Van Jacobsen (VJ
) Header compression was developed to improve the efficiency of SLIP
connections. Each SLIP packet contains header information and some actual data. Since the
header information in adjacent SLIP packets is usually fairly similar, a lot less header informa
tion
can be sent if the differences are sent.

SLIP with VJ Header Compression enabled is called CSLIP.

PPP

supports header compression as an option.

5
Automatic redial on disconnect

If this option is checked, the Winsock w
ill redial once per minute until reconnected. Otherwise, the
Winsock will indicate that the connection has been lost and ask whether redial is required.

Note that this requires that Online status detection is enabled and functioning correctly.

6
Online status detection

Online status detection is necessary for the Automatic login and Automatic redial on disconnect
features of the Trumpet Winsock to work correctly.

The Winsock can use either the Data Carrier Detect (DCD) or Data Set R
eady (DSR) signal to
track the online status of the modem, however DCD is more reliable.

For online status detection using DCD to work properly,
&c1

will need to be set in the modem's
default profile. The modem’s default profile is the group of settings t
hat is loaded from memory
when the modem is switched on.

To force the
&c1

command to be stored in the modem’s memory, try adding
&w

to the Init string
in Modem profile (modem.cmd), for example:
&k3&c1&w

Similarly, online status detection using DSR requires

&s1

to be set in the modem's default profile.

If
None

is selected, then the Automatic redial on disconnect feature will be not be available, but the
login script will be executed by an Automatic login regardless of the online status of the modem.

7
Automatic login

A login that uses a script (such as login.cmd) is called an automatic login. The following
options
determine when the login and bye scripts will be initiated.


26



No automatic login


Disables automatic login.



Login on startup only


Login.cmd is executed when the Winsock starts.


Login/logout on load/unload


Login.cmd is executed when the Winsock

starts and bye.cmd is
executed before the Winsock exits.



Login on network activity


Login.cmd is executed whenever a Winsock application tries to
access a remote host. It may be useful to complement this with
an Inactivity timeout

to ensure

that the bye script is run.

In effect, this feature allows the Winsock to be used offline since
the Winsock will not dial unless it really needs to.


Note: Under an Automatic login, if the Winsock is set to use online status detection

(either DCD or
D
SR), then the Winsock will only execute login.cmd if the modem seems to be offline (and
"Automatic login" in Dialler/Settings has been selected).

See also How do I get demand loading to work?.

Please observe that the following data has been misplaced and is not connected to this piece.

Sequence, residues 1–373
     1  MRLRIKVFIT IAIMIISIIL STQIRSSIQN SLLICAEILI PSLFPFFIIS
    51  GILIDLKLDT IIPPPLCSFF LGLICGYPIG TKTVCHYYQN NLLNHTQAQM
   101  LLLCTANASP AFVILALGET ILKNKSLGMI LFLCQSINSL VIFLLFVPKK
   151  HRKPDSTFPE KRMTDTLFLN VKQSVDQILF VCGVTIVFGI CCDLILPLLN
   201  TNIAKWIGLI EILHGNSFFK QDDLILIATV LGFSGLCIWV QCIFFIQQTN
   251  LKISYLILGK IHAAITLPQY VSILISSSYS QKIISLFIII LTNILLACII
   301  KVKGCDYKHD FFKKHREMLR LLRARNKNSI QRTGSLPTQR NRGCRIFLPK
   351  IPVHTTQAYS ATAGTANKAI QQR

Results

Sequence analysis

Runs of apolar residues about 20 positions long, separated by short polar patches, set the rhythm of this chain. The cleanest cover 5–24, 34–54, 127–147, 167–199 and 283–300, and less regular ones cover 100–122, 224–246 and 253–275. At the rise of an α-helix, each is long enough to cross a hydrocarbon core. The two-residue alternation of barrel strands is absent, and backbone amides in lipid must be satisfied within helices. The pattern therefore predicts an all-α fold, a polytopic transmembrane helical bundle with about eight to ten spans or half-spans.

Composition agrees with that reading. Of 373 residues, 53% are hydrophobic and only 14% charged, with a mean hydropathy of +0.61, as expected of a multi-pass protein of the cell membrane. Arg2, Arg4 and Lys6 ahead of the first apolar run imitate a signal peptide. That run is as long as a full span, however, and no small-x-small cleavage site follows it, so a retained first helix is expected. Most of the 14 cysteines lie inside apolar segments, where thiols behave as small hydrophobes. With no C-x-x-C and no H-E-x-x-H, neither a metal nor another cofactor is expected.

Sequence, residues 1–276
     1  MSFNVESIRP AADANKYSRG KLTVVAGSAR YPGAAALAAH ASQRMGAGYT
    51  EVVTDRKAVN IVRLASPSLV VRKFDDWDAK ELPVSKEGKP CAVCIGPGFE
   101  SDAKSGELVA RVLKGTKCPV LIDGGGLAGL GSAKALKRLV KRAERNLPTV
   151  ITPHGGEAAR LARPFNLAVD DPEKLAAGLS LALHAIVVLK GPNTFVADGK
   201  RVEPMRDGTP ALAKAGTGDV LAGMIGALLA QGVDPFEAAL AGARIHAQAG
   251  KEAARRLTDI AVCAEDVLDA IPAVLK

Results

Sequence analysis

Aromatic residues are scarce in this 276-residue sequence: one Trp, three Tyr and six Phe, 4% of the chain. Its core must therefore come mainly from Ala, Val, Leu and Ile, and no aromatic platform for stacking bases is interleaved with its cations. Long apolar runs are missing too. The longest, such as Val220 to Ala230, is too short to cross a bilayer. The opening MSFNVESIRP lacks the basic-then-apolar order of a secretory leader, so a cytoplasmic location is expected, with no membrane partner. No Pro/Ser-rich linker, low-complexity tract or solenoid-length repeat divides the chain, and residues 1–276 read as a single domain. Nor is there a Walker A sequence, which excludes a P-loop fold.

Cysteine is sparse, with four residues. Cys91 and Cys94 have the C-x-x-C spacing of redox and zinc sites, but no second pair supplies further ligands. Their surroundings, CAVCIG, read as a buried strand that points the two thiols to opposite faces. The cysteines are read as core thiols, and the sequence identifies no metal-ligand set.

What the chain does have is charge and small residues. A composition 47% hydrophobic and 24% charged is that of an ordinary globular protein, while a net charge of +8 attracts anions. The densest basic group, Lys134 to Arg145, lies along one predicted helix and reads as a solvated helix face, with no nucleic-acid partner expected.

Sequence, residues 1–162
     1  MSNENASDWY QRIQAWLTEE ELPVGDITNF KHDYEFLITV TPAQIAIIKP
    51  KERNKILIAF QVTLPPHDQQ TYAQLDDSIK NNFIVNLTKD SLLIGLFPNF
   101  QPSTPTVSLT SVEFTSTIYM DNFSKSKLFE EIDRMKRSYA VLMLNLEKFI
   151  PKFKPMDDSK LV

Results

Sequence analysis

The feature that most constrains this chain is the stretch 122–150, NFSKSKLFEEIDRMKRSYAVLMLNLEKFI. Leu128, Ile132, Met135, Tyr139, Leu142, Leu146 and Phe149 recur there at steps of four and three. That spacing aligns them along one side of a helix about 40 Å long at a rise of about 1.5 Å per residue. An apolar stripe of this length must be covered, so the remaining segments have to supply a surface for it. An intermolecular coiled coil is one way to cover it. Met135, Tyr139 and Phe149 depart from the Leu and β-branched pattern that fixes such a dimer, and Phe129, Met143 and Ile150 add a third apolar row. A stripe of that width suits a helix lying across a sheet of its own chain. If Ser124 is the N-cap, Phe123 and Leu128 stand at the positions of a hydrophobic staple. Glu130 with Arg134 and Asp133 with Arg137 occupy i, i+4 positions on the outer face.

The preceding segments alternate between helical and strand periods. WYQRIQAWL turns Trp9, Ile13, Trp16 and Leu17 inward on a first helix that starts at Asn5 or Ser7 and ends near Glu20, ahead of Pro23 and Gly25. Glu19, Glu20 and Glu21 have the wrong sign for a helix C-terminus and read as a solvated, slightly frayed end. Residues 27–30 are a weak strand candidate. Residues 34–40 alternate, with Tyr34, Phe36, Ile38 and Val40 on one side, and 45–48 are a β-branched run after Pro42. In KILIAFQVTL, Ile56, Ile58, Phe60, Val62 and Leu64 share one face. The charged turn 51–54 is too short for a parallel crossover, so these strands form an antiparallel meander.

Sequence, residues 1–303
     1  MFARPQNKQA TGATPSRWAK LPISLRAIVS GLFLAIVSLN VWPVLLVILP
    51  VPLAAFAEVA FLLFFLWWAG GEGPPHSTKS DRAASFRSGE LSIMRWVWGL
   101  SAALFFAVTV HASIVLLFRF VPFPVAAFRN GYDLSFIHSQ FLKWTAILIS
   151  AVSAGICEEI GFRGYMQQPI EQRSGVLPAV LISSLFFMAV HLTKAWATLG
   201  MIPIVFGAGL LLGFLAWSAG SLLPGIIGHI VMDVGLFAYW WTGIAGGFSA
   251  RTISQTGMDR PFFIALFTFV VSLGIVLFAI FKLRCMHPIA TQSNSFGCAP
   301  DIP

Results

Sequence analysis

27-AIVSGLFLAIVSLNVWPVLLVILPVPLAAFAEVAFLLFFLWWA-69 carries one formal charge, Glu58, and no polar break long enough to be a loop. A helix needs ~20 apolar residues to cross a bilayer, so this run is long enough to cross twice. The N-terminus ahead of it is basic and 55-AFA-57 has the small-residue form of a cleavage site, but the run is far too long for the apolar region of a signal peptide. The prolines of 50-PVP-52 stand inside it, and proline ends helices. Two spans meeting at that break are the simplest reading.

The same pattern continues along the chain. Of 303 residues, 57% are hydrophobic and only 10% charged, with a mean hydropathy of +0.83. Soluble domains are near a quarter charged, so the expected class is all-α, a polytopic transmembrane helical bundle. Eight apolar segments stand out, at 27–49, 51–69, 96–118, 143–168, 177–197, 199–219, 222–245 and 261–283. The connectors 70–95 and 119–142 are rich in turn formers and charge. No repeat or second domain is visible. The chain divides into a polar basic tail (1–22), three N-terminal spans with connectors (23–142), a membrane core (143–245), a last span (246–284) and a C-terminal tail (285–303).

8
Inactivity timeout

This is the number of minutes that the Winsock keeps the line open if there is no
network activity.

Under this situation the Winsock will remain loaded, so if you are going to need the
Winsock to re
-
establish the connection, make sure you have

selected Login on network
activity from the list of Automatic login

options.

A value of 0 disables the timeout, and therefore prevents the Winsock from disconnecting

the line.

See Demand load timeout
.

9
Parity and wo
rd size

The parity and word size is only relevant during the initial login phase of the connection (regardless
of whether you are logging in manually or

using a login script).

The Standard SLIP/PPP settings for parity and word size are 8 bits and no parity. If the server you
are dialling into does not accept 8 bits and no parity, then you must set up the correct parity and
word size under the Control Pane
l in Windows.

6
Profile

Allows you to enter the username and password of your SLIP/PPP account and your service
provider’s dial
-
up phone number.

Please note that this menu c
ommand launches a script called profile.cmd. This section refers to the
standard version of this script as distributed by TSI. In some cases it may have modified by the
distributor who supplied your copy of the Winsock.

See also Configuring your profile.

1
Modem profile

This dialog box allows you to adjust
modem
settings that are used by the login and bye scripts
(login.cmd and bye.cmd respectively).


27



This screen can be reached directly by selecting modem.cmd from the Dialler menu.

1
Use reset string

This your modem’s reset command to be modified if necessary. Typically this will be:
z

If these is a problem with your modem responding to the reset command as the first command it
receives, then you may need to disabl
e it completely.

2
Init string

The suggested modem string is
&f&c1&k3
.

Most modems are shipped with fairly standard default settings, so you may even be able to leave
this string blank.

Note that &k3 is only relevant if your modem sup
ports hardware handshaking. This command may
need to be removed for modems slower than 14.4.

3
Dial string

Either
dt

for tone dialling or
dp

for pulse dialling.

4
Hangup string

This sets the init string that the b
ye script (bye.cmd) will use to hangup the modem. Normally this
will be:
h

2
Server profile

This dialog box allows you to adjust
server

settings that are used by the login script (login.cmd).

These prompts will nee
d to be altered according to the messages you provider’s machine gives
when you on login and the replies you need to give. See Configuring your profile for more details
and example configurations.

The difference between prompts, commands, and responses is

that:
prompts

are strings that are